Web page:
Ed LangloisMany Oregon parishes have taken steps to serve the diverse kinds of Catholics who are arriving. In Seaside, a pastor who himself comes from a distant land worked with parishioners to create a culture of welcoming the stranger.
Of the Catholic Sentinel
Father Nicholas Nilema of Our Lady of Victory Parish is from Tanzania, but has learned Spanish. Seaside and Cannon Beach cater to tourists, and many Latino Catholics have come to the area for service jobs in hotels and restaurants.
“I remember coming to this country,” Father Nilema says. “It was culture shock. That helped me see others going through the same thing. Having a welcoming attitude helps new people a lot.”
When he meets Hispanics on the street or in stores, the priest issues personal invitations to Mass. The pastoral council and other committees by design include Latinos. At last July’s dedication of the new church, one of the main musical providers was a mariachi band.
Father Nilema, a direct man, asked Hispanics why he did not see them at Mass. They explained that service jobs require Sunday morning labor. So he consulted people about the best time for worship and began a Tuesday evening Spanish Mass. More than 100 worshipers attend each week.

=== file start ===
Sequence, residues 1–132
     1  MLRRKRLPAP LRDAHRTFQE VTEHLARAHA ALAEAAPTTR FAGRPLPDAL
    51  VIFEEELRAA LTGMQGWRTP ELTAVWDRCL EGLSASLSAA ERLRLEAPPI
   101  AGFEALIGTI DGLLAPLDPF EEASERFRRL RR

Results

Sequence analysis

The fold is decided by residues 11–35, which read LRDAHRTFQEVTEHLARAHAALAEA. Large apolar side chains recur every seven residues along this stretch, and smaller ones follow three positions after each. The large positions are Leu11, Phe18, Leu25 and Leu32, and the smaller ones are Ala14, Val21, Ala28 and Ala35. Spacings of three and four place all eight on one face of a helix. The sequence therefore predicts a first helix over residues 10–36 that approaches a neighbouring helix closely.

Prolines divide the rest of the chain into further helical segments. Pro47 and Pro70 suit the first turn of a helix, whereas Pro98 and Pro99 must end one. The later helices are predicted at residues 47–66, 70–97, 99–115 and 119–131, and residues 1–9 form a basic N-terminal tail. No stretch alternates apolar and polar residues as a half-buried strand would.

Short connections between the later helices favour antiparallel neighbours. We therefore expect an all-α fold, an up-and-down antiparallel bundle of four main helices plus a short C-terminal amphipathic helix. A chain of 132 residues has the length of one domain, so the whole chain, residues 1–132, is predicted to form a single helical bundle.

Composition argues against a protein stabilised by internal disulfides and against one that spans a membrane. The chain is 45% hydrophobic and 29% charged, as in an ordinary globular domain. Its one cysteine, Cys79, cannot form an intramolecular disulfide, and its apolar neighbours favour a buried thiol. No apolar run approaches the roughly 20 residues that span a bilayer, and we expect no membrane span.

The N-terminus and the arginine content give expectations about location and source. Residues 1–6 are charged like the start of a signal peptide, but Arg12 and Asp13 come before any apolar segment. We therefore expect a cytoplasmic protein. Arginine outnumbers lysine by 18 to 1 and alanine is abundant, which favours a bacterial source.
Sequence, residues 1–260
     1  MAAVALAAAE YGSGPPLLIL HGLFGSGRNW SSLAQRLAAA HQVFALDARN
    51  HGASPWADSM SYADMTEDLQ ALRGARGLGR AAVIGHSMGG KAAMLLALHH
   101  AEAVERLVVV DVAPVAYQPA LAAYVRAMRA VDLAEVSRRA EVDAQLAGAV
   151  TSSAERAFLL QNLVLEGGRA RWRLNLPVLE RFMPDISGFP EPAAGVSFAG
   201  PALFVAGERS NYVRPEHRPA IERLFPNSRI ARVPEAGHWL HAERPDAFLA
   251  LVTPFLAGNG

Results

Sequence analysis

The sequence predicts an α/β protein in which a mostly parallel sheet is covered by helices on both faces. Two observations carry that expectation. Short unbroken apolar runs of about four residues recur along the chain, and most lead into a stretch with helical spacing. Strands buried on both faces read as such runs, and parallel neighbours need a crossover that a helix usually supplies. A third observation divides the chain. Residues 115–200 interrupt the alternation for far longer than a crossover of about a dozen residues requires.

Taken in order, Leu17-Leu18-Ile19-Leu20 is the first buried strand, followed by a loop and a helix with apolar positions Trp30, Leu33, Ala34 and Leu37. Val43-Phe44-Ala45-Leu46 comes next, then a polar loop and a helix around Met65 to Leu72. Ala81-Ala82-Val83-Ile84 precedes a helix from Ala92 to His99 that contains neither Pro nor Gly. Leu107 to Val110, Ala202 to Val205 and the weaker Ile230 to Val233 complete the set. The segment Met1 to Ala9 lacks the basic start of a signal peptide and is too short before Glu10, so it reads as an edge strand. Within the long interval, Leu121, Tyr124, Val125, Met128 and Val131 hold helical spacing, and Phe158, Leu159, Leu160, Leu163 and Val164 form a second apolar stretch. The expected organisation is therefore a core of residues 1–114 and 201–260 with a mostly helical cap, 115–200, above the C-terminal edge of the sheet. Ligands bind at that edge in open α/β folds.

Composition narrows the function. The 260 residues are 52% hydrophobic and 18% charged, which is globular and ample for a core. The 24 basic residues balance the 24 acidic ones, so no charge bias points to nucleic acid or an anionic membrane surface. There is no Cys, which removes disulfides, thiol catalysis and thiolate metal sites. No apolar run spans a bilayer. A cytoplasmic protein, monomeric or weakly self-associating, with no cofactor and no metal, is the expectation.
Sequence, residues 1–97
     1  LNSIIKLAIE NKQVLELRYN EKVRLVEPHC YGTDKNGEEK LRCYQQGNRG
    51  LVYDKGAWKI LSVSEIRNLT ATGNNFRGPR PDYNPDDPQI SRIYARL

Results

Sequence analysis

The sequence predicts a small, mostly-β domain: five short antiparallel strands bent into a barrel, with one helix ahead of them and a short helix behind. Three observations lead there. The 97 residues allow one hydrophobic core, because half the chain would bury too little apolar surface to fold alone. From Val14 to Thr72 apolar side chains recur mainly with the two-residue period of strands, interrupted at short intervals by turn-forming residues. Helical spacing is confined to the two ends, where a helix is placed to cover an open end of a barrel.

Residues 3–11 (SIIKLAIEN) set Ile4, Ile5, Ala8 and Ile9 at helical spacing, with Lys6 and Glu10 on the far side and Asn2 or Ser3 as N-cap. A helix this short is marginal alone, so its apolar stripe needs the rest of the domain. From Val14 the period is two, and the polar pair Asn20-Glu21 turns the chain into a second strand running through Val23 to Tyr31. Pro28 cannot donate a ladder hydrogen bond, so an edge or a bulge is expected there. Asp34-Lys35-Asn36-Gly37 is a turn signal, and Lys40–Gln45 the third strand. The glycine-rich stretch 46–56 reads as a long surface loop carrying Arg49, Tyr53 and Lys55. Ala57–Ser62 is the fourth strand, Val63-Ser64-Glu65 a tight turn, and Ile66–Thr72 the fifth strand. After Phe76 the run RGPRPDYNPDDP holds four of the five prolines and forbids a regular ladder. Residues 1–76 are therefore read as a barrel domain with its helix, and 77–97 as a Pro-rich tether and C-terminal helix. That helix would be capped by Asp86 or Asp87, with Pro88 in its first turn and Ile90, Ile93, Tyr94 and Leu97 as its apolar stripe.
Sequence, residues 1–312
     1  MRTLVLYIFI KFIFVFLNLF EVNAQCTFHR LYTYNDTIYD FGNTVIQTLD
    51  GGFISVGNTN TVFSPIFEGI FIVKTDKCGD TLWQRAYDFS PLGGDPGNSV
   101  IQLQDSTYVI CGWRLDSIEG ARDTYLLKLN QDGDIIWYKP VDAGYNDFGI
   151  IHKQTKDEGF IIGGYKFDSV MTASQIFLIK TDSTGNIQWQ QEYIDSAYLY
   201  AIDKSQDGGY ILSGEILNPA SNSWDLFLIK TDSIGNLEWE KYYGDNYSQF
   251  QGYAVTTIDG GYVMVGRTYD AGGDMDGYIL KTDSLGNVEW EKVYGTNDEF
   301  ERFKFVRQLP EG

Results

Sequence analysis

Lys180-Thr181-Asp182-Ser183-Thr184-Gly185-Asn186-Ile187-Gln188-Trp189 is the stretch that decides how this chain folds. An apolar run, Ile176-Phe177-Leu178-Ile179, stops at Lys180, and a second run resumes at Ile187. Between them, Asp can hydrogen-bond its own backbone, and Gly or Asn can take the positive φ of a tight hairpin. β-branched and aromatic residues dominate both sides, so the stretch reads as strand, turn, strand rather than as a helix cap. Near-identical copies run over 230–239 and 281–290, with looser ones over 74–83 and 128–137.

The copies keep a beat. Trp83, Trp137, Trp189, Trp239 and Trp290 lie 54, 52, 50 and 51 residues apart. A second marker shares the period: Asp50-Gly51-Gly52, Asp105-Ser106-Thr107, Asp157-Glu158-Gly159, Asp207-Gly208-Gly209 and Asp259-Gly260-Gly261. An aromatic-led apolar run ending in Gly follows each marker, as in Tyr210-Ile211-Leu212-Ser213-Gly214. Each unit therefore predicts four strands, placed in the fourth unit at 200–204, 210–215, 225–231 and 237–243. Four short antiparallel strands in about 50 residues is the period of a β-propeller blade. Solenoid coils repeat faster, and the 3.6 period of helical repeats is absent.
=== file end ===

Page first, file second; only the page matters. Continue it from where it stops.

Father Nilema holds occasional bilingual liturgies to help people realize the faith they share. “Through the Eucharist we are able to extend ourselves and embrace other cultures,” he says.
Eventually, something unexpected happened. At the early morning Mass in December for the feast of Our Lady of Guadalupe, many Anglos attended. In addition to prayer, they shared in traditional Mexican drinks and pastries. When it came time to build a new church, Hispanic parishioners began holding fundraisers.
The notion that everyone could be alike in the parish soon evaporated.
“The initial goal of trying to assimilate them into the parish did not really work,” says Chris Rose, chair of the pastoral council in Seaside. “We can’t force them to be like us.”
But the parish has learned that there can be unity without cultural uniformity.
“There is never a distinction between we and they,” says Karen Belding, chair of the administrative council at Our Lady of Victory. “We share a common faith. We each bring different gifts to the table, but our anchor, our core, our center, is the Lord.” Belding says she can’t imagine her parish without the Hispanic community.
“There are cultural things bringing us together and religious things bringing us together,” says Deacon Vern Korchinski, who serves at Seaside.